This week, the Boston Globe published an article titled “Congregations in Mass. Preparing to Shelter Immigrants.” It describes efforts by local churches and synagogues to frustrate Trump administration efforts to enforce immigration law. According to a member of a prominent synagogue quoted in the story: “’We’re going to do what we do in a way that really has a chance of making it a public moral issue that cannot be dismissed…. Religious institutions are in a good position to do that.’”

It’s not surprising that houses of worship would wish to provide assistance to the newly arrived. The Judeo-Christian tradition places great significance on charity. However, the title of the Globe’s piece is misleading. “Immigrant” is a legal term, defined in statute. It refers to a foreign national coming to the United States with the intention, and legal authorization, to reside here permanently.

However, the congregations in Massachusetts aren’t preparing to shelter immigrants, they’re planning to harbor illegal aliens.  Where, exactly, is the public moral issue with deporting non-citizens who have broken the law? The Globe fails to make that clear. But the religious leaders referenced in its article seem to imply that deporting anyone, for any reason, is wrong.

That is a problematic assertion. It absolves foreigners of all moral and legal responsibility for their actions. Those unlawfully present in the United States have made a conscious choice to disregard all of the relevant legal requirements. Americans call that lawbreaking and, until recently, most theologically inclined organizations tended to frown on such lawless behavior, as it tends to lead to sin.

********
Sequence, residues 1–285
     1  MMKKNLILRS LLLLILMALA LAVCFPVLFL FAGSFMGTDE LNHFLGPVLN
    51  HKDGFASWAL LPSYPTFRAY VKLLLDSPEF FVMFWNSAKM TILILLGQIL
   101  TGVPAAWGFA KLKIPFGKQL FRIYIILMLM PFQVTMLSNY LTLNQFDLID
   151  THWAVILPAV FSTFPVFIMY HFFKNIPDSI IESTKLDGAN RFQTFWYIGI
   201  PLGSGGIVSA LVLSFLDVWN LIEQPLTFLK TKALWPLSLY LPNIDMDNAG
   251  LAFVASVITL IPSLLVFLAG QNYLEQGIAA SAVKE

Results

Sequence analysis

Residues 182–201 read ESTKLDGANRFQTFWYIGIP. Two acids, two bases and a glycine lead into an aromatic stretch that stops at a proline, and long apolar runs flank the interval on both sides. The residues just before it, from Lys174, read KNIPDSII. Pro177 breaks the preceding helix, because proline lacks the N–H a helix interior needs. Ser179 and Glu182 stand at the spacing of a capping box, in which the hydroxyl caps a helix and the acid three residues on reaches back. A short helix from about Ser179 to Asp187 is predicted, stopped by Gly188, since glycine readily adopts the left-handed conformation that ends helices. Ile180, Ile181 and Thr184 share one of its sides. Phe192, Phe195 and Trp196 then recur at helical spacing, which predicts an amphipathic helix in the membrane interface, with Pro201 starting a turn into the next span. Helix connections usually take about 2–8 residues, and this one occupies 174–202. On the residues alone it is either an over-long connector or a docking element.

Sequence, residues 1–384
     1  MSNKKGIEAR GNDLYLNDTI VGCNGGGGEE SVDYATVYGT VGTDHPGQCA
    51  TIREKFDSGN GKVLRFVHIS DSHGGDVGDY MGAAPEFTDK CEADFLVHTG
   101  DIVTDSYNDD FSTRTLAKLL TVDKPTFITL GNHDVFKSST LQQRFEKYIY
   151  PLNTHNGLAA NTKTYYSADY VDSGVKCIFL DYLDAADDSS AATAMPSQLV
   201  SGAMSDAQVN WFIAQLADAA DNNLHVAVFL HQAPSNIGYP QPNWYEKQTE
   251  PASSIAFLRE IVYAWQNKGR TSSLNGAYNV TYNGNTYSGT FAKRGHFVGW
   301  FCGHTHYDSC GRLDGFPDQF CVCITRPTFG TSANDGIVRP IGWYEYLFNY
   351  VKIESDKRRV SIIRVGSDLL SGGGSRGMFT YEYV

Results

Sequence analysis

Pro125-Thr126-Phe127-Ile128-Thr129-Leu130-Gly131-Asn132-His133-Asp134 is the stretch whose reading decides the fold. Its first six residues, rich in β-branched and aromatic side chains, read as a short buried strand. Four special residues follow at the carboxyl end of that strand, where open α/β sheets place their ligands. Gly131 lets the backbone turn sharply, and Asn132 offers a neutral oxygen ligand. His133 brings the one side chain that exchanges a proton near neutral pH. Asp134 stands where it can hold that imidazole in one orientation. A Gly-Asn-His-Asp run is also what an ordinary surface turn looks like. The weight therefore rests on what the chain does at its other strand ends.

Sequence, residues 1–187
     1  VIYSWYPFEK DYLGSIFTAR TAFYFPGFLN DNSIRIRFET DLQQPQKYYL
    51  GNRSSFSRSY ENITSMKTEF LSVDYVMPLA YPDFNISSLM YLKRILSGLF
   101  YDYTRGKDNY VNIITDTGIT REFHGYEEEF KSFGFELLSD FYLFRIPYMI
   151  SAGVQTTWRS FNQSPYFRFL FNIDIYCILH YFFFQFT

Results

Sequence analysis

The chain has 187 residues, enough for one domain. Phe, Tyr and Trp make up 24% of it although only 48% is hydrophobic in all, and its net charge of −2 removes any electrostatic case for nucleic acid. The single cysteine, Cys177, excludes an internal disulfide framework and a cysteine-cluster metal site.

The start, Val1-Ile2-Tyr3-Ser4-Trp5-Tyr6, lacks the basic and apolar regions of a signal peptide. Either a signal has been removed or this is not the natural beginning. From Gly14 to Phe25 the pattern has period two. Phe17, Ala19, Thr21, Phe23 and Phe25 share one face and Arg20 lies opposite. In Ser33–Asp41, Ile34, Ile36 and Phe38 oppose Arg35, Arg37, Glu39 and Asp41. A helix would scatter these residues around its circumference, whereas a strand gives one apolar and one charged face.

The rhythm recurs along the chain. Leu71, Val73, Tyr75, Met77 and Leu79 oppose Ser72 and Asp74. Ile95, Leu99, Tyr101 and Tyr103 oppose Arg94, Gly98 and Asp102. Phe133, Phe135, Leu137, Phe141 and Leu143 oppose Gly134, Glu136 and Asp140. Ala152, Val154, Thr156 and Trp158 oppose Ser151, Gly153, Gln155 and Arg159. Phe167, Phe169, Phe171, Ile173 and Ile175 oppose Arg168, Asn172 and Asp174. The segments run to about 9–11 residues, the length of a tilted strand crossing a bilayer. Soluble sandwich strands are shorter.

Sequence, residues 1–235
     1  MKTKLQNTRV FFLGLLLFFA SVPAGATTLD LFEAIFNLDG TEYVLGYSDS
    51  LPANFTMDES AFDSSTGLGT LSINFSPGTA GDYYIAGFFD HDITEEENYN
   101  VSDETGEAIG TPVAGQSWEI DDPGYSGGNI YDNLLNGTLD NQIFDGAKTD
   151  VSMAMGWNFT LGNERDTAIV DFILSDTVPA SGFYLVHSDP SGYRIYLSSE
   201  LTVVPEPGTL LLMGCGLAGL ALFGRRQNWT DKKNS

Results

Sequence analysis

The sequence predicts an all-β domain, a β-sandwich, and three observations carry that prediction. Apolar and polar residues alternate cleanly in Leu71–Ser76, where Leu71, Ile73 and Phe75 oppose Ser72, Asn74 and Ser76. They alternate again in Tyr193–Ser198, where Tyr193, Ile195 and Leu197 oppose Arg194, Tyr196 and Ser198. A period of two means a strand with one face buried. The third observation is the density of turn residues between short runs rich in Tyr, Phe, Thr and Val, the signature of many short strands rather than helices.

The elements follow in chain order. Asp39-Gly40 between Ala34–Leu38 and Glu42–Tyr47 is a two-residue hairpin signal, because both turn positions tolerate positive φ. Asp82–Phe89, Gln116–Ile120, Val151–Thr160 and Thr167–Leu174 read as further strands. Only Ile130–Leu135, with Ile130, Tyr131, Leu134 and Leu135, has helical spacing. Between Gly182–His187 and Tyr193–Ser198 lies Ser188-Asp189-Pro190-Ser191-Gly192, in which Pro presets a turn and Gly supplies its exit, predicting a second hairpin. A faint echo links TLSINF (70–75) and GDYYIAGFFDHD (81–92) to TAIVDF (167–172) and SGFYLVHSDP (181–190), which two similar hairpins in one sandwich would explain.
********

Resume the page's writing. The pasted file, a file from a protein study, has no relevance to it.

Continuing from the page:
It’s also an assertion that rests on a fundamentally flawed premise. How many times have we heard alien advocates saying, “It’s an injustice to deport that family. Sure they’re illegal but they’ve been here for 20 years.”? In other words, we should reward those lawbreakers who successfully avoid detection for a significant amount of time. But that’s an absurd contention. It’s not an accepted defense in any other area of law and clerical leaders would never accept it as an excuse for sin.

Finally, those who would shield lawbreakers in temples abuse the privileged place that religious institutions occupy in the American Constitutional framework. Under the First Amendment, religious organizations are free from most forms of government regulation. As such, American law enforcement considers houses of worship to be “sensitive areas.” While not prohibited from enforcing laws on consecrated ground, policing agencies take great care to fulfill their duties without disrupting spiritual ministries. Churches and synagogues serving as “shelters” for illegal aliens evading deportation are simply exploiting their special status to provide a veneer of legitimacy to an utterly spurious argument.

Charles Baudelaire once said that “The devil’s finest trick was persuading man that he didn’t exist.” But the open borders lobby may have trumped Lucifer. They seem to have persuaded churches and synagogues that breaking immigration law is a blameless sin of omission. And in the process, they have made the very institutions that should serve as moral pillars in our communities into advocates for lawlessness.